While father and son fishing trips can be the stuff of American legend, they can also turn out to be the stuff of anger, love and self-discovery. In his memoir of a fishing trip through the Alaskan wilderness, Lou Ureneck brings to life the struggle to reclaim the trust of his teenage son, Adam, following his divorce. Told against the backdrop of the Alaskan wilds, Backcast is the remembrance of a fishing trip that carried a father and son from the mountains of Alaska to the Bering Sea. Along the way, nature transforms from friend into foe, and their struggles are played out against the poignant emotional battle raging between the two as they descend the river headed toward confrontation. On their journey, the two encounter nature's dangers bears, violent river currents and ruthless, punishing weather as well as the hurts that exist between them, the reasons for divorce, the absence of a father and the withheld love of a son. Dipping his hand into the river of his own life, Ureneck recounts his own fatherless childhood, the influence of his mother's boyfriend who helped him learn to fish, and the realization that he himself had done the one thing he always promised himself he would not do: He ended his marriage in divorce. Part adventure story, part reconciliation with life's unexpected turns, and part commentary on the healing power of nature, "Backcast" explores the world of a man confronted by the hard choices divorce can bring to create a moving meditation on fatherhood.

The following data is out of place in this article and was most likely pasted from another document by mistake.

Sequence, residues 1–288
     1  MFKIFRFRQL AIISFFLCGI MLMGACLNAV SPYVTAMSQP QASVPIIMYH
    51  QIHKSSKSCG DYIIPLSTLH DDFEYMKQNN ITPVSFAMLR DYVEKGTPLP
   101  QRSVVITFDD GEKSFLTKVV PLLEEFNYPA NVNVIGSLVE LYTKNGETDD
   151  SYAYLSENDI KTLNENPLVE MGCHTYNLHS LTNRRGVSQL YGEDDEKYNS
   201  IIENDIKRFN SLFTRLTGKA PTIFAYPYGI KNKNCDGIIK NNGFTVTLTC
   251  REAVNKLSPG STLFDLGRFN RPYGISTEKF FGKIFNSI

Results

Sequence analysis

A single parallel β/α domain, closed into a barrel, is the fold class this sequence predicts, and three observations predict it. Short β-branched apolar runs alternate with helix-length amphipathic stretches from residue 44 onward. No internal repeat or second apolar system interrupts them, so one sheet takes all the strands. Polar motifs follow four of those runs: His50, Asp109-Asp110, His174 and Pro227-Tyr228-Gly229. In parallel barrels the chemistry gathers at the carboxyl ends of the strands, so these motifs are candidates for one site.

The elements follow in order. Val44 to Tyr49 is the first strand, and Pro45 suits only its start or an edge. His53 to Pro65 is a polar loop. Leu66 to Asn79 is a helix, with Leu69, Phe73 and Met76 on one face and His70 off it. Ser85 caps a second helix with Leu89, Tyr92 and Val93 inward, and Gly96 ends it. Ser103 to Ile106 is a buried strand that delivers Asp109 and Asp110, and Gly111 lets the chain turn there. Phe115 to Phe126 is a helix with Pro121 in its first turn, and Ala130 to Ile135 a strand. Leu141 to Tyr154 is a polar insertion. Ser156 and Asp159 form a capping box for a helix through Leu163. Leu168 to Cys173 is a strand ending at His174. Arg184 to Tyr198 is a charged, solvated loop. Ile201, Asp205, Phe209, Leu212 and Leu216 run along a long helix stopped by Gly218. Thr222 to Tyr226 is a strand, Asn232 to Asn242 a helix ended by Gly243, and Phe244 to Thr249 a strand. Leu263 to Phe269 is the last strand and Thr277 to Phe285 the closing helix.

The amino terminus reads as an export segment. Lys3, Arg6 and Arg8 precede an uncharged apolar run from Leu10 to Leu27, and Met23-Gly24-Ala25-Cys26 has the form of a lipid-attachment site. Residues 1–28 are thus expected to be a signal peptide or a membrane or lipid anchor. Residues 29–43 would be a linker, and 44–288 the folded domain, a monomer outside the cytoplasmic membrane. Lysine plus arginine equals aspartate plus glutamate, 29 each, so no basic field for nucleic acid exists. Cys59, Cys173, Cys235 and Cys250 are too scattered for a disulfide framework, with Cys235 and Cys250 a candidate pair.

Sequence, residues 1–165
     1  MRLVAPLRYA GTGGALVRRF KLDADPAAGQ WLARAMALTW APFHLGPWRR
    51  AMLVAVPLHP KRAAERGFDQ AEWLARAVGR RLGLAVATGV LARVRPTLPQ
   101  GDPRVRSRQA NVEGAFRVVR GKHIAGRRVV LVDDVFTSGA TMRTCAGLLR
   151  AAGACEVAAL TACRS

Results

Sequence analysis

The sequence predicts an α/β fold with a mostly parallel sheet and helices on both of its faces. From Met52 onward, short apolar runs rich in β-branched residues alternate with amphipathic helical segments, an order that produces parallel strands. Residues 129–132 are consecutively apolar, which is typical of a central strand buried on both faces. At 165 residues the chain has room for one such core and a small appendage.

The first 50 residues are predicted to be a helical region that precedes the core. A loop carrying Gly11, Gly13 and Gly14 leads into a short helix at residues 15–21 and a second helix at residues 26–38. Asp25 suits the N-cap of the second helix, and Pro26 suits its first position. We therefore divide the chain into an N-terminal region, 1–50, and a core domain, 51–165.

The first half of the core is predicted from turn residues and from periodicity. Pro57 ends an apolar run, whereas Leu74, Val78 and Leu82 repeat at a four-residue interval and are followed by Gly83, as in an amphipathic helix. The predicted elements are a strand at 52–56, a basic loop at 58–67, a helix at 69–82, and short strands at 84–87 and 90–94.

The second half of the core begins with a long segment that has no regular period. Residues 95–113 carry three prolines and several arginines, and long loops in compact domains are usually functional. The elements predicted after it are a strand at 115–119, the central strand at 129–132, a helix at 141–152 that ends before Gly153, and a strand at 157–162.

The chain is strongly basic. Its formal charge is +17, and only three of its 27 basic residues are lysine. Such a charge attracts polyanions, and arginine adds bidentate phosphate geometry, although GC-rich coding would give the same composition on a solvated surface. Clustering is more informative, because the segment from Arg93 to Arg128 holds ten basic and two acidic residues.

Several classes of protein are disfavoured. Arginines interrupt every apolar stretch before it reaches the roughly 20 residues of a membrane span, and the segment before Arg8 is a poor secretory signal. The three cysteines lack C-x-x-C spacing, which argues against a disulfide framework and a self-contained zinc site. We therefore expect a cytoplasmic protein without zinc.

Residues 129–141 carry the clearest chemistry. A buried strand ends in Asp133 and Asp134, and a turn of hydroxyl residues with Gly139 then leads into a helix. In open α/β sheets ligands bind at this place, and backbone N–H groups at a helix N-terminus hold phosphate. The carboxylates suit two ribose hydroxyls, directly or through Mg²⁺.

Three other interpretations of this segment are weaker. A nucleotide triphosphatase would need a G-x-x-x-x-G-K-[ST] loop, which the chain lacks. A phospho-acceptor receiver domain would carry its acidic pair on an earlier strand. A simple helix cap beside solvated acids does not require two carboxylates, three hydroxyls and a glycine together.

In the wake of divorce, Ureneck (Journalism/Boston Univ.) tries to reconcile with his college-bound son and his own past during a ten-day fishing trip in the Alaska wilderness. The author and son Adam glided down the salmon-rich Kanektok River aboard a rented rubber raft in late August 2000, but most of this thoughtful, engaging memoir actually unfolds in central New Jersey and Maine. Ureneck recalls a lonely nomadic childhood in sleepy Garden State towns like Spotswood and New Brunswick, raised by his fiercely loving Greek mother and disappointed by two different fathers, both ruined by drink. His second father, a hard-living merchant-marine sailor named John Kababick, helped foster his love of fishing but also did things like lose four months' pay in one day at Monmouth Racetrack. Kababick eventually disappeared just as the author's biological father had. When Ureneck's own marriage began to dissolve years later in the Maine woods, he hoped to minimize Adam's anger and resentment by taking a long-promised fishing trip to Alaska. The strategy proved only marginally successful. His sullen, precocious son clearly resented the breakup of the family, and if Ureneck ever attempted to explain his reasons to Adam, he doesn't provide that crucial conversation here. Nor do we ever get the boy's reaction to Dad's new girlfriend, a New York Times reporter he met while on sabbatical from his job as a Maine newspaper editor. When not dwelling too obsessively on his unraveled marriage, however, Ureneck generally proves an intelligent tour guide, offering lovely descriptions of the morning mist shrouding a wilderness river, or the glare of a mother bear when she and a cub are startled by an approachingriver raft. More memoir and less Alaska adventure than the subtitle suggests, but still an enjoyable, heartfelt narrative. Agent: Wendy Strothman/Strothman Agency, LLC